Thursday, July 2, 2009 – Travel day - So far so good, the cab driver is on time (he is a very articulate cabbie – only on the job for a couple of days so he has both hands on the wheel and is obeying the speed limits – he is actually a business man forced to drive a cab due to the economy).
Our 777 awaits – my favorite commercial jet and we are in 31A and 31B – second best seats in coach (next to the two seat sides in row 20) – lots of leg room – no deep vein thrombosis here.
Takeoff is right on time at 9:10 AM – we are doing the very long day version of the Chicago London flight – so far we are happy passengers. We became even happier passengers when the flight attendant in the jump seat at takeoff brought us each a glass of champagne to enjoy along with our coach meal. Somehow, that made the meal semi-edible. When’s the last time that happened – in fact all the flight attendants were terrific on this flight.
The flight is just about the smoothest Transatlantic flight we have ever taken – just some very light chop – even though there are some clouds, you can actually see the Atlantic and even pick out the white caps – but this picture sums it up – sunset over the Celtic Sea (about 45 minutes before touchdown at Heathrow
Touchdown was a few minutes late at 10:50 PM and we proceeded to spend the next two hours trying to get from Terminal 3 to Terminal 5 for our flight a few hours from now. We came in too late to catch the train and the inter-terminal bus didn’t start its run until 1:00 AM(I am writing this entry at 3:00 AM in Terminal 5 while Ellen is trying to get some sleep. Heathrow Terminal 5 is quite the structure – giant screens playing unintelligible videos and all sorts of cool computer graphics explaining check-in requirements – there is also an army of self check in kiosks. Now it is deserted except for a few sad souls trying to pretend they are sleeping.
Friday, July 3, 2009 – Travel Day – No sleep (too noisy with some guy cleaning the same 20 sq ft of floor all night long. About 5 AM, the airport started to come alive with British Air employees arriving to get the early morning flights underway. We were hungry so we had an “English Breakfast” (food but not food) at one of the restaurants thinking our two hour flight to Rome would not come with a meal.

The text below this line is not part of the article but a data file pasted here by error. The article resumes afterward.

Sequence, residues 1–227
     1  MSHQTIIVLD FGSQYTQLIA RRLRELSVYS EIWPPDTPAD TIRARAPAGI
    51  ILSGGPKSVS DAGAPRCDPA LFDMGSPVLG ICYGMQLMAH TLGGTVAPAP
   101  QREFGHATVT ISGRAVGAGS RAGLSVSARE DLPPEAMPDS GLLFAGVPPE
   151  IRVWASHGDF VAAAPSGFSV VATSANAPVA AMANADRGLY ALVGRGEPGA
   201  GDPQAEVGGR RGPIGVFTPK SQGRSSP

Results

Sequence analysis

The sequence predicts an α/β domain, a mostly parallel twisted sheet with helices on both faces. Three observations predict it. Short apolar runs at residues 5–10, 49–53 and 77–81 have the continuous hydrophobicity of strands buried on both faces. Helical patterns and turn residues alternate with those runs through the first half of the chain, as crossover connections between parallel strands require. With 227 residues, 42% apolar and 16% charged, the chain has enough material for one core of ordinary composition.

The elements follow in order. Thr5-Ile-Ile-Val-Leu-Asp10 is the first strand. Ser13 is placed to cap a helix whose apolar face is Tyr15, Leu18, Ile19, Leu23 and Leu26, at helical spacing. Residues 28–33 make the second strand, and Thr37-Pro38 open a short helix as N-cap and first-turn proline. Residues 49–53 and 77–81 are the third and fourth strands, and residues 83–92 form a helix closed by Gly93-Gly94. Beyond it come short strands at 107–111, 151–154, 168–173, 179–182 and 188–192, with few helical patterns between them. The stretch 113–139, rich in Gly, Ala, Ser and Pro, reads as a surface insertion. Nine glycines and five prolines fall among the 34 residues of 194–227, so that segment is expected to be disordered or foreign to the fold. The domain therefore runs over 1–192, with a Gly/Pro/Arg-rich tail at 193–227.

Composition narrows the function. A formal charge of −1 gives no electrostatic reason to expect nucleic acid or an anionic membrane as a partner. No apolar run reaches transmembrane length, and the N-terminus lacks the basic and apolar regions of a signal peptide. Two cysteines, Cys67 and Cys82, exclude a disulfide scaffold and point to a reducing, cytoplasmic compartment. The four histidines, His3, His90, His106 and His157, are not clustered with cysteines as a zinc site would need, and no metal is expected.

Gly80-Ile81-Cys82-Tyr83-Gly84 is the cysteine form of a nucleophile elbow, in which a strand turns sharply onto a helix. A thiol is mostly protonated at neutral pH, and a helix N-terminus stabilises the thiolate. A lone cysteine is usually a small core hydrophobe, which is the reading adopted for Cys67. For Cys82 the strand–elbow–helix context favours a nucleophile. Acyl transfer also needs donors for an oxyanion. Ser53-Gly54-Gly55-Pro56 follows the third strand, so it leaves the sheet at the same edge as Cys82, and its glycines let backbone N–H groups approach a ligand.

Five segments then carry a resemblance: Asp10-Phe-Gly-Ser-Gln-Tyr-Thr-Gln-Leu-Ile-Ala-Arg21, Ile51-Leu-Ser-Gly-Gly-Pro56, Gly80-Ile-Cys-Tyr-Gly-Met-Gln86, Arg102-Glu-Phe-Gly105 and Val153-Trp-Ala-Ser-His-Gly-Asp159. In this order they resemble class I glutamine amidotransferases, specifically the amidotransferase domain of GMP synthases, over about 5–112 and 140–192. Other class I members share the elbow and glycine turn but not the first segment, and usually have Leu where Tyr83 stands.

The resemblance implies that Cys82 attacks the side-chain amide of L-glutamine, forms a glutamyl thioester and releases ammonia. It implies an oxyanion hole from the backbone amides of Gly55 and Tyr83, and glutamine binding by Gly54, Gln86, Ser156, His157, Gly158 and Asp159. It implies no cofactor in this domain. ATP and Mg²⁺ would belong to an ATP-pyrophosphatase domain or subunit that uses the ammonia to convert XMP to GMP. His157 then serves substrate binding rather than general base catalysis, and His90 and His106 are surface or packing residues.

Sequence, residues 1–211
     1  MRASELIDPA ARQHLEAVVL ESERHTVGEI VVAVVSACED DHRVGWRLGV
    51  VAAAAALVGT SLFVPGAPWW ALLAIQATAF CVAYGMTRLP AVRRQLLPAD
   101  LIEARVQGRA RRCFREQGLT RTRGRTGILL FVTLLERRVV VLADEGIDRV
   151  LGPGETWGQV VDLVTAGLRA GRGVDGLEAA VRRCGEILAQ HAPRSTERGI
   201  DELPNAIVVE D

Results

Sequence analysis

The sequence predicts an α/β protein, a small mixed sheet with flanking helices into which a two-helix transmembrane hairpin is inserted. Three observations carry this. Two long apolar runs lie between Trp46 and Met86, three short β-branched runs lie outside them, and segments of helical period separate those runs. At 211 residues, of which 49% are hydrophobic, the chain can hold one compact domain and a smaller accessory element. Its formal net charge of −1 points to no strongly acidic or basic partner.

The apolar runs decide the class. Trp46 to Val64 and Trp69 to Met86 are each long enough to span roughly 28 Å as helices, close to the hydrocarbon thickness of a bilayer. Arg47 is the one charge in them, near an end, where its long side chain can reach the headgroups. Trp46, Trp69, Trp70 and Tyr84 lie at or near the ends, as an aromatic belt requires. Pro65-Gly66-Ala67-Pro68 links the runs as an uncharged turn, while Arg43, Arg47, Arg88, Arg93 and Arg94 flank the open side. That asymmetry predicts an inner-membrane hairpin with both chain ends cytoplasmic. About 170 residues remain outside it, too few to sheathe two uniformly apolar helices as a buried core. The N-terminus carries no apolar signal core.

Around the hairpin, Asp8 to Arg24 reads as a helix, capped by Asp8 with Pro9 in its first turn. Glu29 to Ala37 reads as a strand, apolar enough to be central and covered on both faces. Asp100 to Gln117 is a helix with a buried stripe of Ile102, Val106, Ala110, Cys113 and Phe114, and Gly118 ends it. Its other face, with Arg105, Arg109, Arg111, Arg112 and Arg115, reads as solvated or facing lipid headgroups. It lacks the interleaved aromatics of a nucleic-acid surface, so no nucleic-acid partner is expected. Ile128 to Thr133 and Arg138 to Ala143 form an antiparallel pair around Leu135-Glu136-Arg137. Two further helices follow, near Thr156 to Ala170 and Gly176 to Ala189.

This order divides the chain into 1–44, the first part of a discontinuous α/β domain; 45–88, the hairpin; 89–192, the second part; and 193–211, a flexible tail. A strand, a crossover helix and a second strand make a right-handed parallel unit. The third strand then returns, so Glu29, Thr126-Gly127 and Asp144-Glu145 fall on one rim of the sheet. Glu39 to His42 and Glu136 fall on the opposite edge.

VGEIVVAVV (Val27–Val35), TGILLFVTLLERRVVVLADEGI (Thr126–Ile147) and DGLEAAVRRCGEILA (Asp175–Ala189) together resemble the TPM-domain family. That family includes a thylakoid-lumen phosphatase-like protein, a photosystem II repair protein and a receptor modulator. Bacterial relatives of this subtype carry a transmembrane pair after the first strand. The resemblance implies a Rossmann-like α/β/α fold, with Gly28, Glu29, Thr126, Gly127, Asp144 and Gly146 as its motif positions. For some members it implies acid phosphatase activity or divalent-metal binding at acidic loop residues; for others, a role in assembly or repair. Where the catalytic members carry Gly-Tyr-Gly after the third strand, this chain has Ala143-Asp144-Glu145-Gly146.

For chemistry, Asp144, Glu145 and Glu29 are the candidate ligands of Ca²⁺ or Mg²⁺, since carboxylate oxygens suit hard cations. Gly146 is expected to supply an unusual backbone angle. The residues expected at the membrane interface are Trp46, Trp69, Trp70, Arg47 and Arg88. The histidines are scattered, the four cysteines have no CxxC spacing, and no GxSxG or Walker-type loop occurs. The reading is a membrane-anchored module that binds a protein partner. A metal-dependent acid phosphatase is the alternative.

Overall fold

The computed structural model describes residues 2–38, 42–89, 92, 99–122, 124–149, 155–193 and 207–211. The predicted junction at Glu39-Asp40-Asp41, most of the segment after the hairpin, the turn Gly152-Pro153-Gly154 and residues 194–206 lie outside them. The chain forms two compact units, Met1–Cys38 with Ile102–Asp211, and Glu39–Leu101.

British Air announces its gate assignments about 40 minutes prior to departure so if you happen to be in Terminal 5 and you do not get an A gate, you’ve got to OJ over to the correct terminal to catch your flight – I’d like to think this is for security purposes but the Brits could be having fun with us. Anyhow, we scored an A gate and our Airbus A321 was parked across the street from the terminal. In this terminal you take an escalator down a few floors and then a jet bridge across a street to reach your plane.
I love to fly British Air- the pilot are so formal and yet they put you at ease right away with this confidence (hard to describe). They also fly their jets differently than US pilots (they keep the seat belt sign off during turbulence that would have had the light on on a US flight). Any way, they waste no time getting into the air – the A321 roll was so fast that it was but a minute or so before the plane was airborne (it was raining and foggy) – the plane was only at 10,000 feet and the seat belt sign was off (never in the US).
Climb out from London
It turns out that we did get a pretty nice meal during the flight so we are ahead of the game on meals. It was a very nice flight through France and down the western coast of Italy- the weather was clear and the coastline spectacular as we approached Rome’s Fiumicino Airport
On approach to Fiumicino Airport
Best thing – the bags were there (I won’t have to wear a full line of Celebrity Cruise Line logo wear). After some confusion concerning the trains and subways, we did arrive at our hotel, which was only a few blocks from the subway station. The room was Euro-nice (small but with new stuff – hi-tech AC Unit on a shelf near the 11 ft ceiling and a plasma TV). We had dinner at a restaurant near the hotel (by the way, this neighborhood has a restaurant every 100 feet). The pasta and pizza were great and we managed to stay awake until 10:00 PM local time so we could get on to a local schedule.
Saturday, July 4, 2009 – Happy Fourth – Rome, Italy, 86F – Sunny
Beautiful day but hot and muggy (just like home) – Slept that jet lagged hallucination sleep but felt somewhat OK in morning. Had breakfast at the hotel (included) – eggs, cereal (warm milk), lots of breads, cappuccino (OK).
Today’s plan is to walk to the Trevi Fountain and the Spanish Steps. It’s hot but we plan to walk on the shady side of the street and drink plenty of water. At 10:30 AM, we were on our way. The route took us in a southwest direction; we passed an ancient basilica, some archeological digs, and wonderful architecture on the way but the first major site was the Quirinale (a massive building where the President of Italy stays (and you know he never gets out)
The obelisk in the Quirinale Square